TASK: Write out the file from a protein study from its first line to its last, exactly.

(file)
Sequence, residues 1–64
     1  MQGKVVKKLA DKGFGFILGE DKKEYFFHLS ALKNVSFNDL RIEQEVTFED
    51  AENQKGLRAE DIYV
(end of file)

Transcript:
Sequence, residues 1–64
     1  MQGKVVKKLA DKGFGFILGE DKKEYFFHLS ALKNVSFNDL RIEQEVTFED
    51  AENQKGLRAE DIYV